Interested in learning more about shared decision making in maternity care? Sign up for a free webinar on March 13 sponsored by the Informed Medical Decisions Foundation to hear more about what clinicians, consumers, employers, and others thinking about the importance of maternity care shared decision making.


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The Unexpected Project: Pre-eclampsia Researched, Revealed and Reviewed. Part II of an interview with Jennifer Carney

February 7th, 2013 by avatar

By: Walker Karraa

Regular contributor Walker Karraa wraps up her interview with Jennifer Carney, who became active with The Preeclampsia Foundation and the Unexpected Project after suffering from eclampsia while pregnant with her second child.  Have you had to answer any questions in your classes or with your clients and patients after the recent episode of Downton Abbey, where one of the characters developed eclampsia?  What have you shared with your pregnant families? Part one of Walker’s interview with Jennifer Carney can be found here. – Sharon Muza, Community Manager.  

Walker: What do you see are the common myths regarding pre-eclampsia?

JC: Common myths? Oh, there are so many. A lot of people seem to think they know what causes preeclampsia and how to cure it. There’s a whole faction of advocates who buy into the work of Dr. Tom Brewer, who in the 1960’s, devised a very high protein diet for mothers based on the idea that preeclampsia is caused by malnutrition. This isn’t supported by the current research, but it gets repeated all the time. Other people argue that preeclampsia is a so-called “lifestyle” disease – caused by obesity and poor prenatal care. Obesity is a risk factor, but it is only one of many and poor prenatal care can cause the disease to go undetected, but it will not cause it to happen in the first place. There are also a lot of people who think that the delivery of the baby will end the risk to the mother – and while it’s true that the removal of the placenta is essential, preeclampsia or eclampsia can still happen up to 6 weeks after delivery. There are other myths, but it strikes me that so many of these myths are rooted in a desire to control pregnancy. If we can blame preeclampsia on one central cause or on the women who develop it themselves, then we can reassure ourselves that we won’t develop it, too. There are risk factors that can increase a woman’s chances of developing the disease, but women without any known risk factors have developed it, too.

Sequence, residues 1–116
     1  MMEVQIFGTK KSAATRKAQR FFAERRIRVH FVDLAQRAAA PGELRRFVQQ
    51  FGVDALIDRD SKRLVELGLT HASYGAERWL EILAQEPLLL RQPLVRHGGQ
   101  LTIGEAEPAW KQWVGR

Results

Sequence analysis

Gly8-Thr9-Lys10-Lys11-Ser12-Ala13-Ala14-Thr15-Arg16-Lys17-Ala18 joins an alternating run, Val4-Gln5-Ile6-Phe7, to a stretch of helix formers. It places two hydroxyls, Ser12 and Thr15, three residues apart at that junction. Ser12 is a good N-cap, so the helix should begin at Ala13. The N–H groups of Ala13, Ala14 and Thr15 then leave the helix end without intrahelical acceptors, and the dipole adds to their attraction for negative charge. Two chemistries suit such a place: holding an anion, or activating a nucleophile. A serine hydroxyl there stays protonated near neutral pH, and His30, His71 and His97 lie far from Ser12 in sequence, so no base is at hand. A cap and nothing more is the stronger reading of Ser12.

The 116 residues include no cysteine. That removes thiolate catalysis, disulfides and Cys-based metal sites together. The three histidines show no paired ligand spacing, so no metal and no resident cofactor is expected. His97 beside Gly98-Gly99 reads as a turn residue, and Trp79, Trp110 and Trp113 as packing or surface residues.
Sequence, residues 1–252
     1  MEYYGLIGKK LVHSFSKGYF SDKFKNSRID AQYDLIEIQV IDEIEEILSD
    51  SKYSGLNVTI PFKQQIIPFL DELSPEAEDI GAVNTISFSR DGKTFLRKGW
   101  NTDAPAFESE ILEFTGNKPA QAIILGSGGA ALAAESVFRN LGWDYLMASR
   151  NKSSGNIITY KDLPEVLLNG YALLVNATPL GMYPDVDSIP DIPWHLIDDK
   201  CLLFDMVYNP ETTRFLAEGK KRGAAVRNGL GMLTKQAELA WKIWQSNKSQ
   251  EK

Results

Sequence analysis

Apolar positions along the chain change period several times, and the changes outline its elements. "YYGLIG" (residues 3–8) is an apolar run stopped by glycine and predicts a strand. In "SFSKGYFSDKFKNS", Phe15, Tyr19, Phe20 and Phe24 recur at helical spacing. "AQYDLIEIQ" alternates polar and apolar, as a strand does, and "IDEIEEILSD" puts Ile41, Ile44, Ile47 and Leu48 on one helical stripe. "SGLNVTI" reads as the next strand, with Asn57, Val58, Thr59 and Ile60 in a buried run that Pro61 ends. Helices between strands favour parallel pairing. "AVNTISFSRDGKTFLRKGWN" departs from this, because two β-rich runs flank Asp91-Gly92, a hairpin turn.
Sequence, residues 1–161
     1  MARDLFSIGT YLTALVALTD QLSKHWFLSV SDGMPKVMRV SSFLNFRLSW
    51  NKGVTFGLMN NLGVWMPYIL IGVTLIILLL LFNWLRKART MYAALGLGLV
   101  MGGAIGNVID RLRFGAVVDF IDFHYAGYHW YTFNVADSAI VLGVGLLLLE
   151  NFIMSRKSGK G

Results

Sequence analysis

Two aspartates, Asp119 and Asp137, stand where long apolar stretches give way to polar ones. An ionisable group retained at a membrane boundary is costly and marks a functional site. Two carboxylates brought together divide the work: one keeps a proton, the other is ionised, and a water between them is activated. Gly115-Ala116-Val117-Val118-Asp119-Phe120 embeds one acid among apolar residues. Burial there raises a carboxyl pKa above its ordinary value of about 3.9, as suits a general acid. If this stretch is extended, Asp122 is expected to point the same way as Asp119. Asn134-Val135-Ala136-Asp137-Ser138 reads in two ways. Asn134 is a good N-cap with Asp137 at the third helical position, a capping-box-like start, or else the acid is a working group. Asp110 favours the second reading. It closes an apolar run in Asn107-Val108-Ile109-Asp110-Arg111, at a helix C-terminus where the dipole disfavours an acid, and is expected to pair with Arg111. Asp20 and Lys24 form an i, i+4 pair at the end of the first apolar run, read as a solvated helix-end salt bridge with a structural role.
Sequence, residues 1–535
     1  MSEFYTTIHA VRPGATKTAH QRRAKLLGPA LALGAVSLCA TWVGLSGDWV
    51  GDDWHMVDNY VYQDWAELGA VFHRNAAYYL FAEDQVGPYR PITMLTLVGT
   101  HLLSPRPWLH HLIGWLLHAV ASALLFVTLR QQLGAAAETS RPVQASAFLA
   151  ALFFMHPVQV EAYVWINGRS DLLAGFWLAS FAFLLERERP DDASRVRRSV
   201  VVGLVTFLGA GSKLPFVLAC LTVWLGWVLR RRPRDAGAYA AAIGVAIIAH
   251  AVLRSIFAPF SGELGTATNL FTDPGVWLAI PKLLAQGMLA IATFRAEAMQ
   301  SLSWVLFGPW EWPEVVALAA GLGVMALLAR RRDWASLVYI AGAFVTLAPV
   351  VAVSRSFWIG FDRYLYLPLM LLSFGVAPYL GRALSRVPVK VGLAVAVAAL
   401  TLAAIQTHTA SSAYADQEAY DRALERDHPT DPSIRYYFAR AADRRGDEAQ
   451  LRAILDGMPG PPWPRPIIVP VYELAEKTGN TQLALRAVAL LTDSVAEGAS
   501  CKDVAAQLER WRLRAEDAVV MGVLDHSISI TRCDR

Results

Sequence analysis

It’s not comforting to think that no one is safe, but with knowledge of the signs and symptoms – a woman can react to it promptly and receive the care that she needs. But this will only happen if women get the information and understand that it CAN happen to them. I am blown away by the ways in which preeclampsia and other serious complications are downplayed and dismissed in pregnancy books, online and even by some medical practitioners. Preeclampsia CAN happen to you – but you can deal with it IF you know the signs and the symptoms.

Walker: Can you share with our readers what you are doing with Anne Garrett Addison at The Unexpected Project?

JC: The Unexpected Project is a documentary, website, and book project that will examine the rate of maternal deaths and near-misses in the United States. Anne Garrett Addison, who founded the Preeclampsia Foundation, and I are both classified as near-misses due to preeclampsia. With Unexpected, we want to take a look at all maternal deaths regardless of the cause – preeclampsia, amniotic fluid embolism, hemorrhage, placenta previa, placental abruption, infection, suicide, and any other causes. We also want to look at the women who survived these complications because the line between surviving and dying is in these cases, often quite thin. Every case is different and there is no one factor to blame for the maternal death rate in the US. We will look at interventions and cesarean sections, but we will also look at the lack of information available to women and the tendency of some birth activists to minimize the dangers of serious birth complications.

Current Preeclampsia/Eclampsia StatisticsMaternal mortality and morbidity are, unfortunately, a part of the pregnancy and childbirth experience for women and their families in the US and the world.  While most (99%) of maternal mortalities occur in the developing world, the 1% that occur in developed countries like the US are still of concern to maternity care providers and advocates.  Indeed, U.S. still ranks 50th in the world for its maternal mortality rate (1).

More common than a maternal death, are severe short- or long-term morbidities due to obstetric complications (2).  Some estimate that unexpected complications occur in up to 15% of women who are otherwise healthy at term (2).  

In particular, hypertensive disorders of pregnancy, including elevated blood pressure, preeclampsia, eclampsia and HELLP syndrome are estimated to affect 12-22% of pregnant women and their babies worldwide each year. (3)  Adverse neonatal outcomes are higher for infants born to women with pregnancies complicated by hypertension.